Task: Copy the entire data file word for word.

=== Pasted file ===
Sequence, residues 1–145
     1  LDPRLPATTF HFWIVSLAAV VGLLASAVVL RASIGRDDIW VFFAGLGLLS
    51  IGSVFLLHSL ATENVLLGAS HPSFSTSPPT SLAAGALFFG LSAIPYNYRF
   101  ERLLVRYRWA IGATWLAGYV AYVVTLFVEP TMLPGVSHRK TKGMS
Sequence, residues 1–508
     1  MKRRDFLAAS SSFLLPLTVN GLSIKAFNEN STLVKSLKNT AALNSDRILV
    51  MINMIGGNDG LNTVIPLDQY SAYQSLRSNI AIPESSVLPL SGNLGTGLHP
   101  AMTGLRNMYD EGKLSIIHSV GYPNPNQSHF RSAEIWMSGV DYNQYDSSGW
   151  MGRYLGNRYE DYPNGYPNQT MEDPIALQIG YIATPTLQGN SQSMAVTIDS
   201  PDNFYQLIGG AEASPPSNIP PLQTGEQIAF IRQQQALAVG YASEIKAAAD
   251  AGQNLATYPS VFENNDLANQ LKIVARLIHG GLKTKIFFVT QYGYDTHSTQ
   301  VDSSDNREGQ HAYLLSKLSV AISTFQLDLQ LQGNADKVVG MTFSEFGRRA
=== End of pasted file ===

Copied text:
Sequence, residues 1–145
     1  LDPRLPATTF HFWIVSLAAV VGLLASAVVL RASIGRDDIW VFFAGLGLLS
    51  IGSVFLLHSL ATENVLLGAS HPSFSTSPPT SLAAGALFFG LSAIPYNYRF
   101  ERLLVRYRWA IGATWLAGYV AYVVTLFVEP TMLPGVSHRK TKGMS
Sequence, residues 1–508
     1  MKRRDFLAAS SSFLLPLTVN GLSIKAFNEN STLVKSLKNT AALNSDRILV
    51  MINMIGGNDG LNTVIPLDQY SAYQSLRSNI AIPESSVLPL SGNLGTGLHP
   101  AMTGLRNMYD EGKLSIIHSV GYPNPNQSHF RSAEIWMSGV DYNQYDSSGW
   151  MGRYLGNRYE DYPNGYPNQT MEDPIALQIG YIATPTLQGN SQSMAVTIDS
   201  PDNFYQLIGG AEASPPSNIP PLQTGEQIAF IRQQQALAVG YASEIKAAAD
   251  AGQNLATYPS VFENNDLANQ LKIVARLIHG GLKTKIFFVT QYGYDTHSTQ
   301  VDSSDNREGQ HAYLLSKLSV AISTFQLDLQ LQGNADKVVG MTFSEFGRRA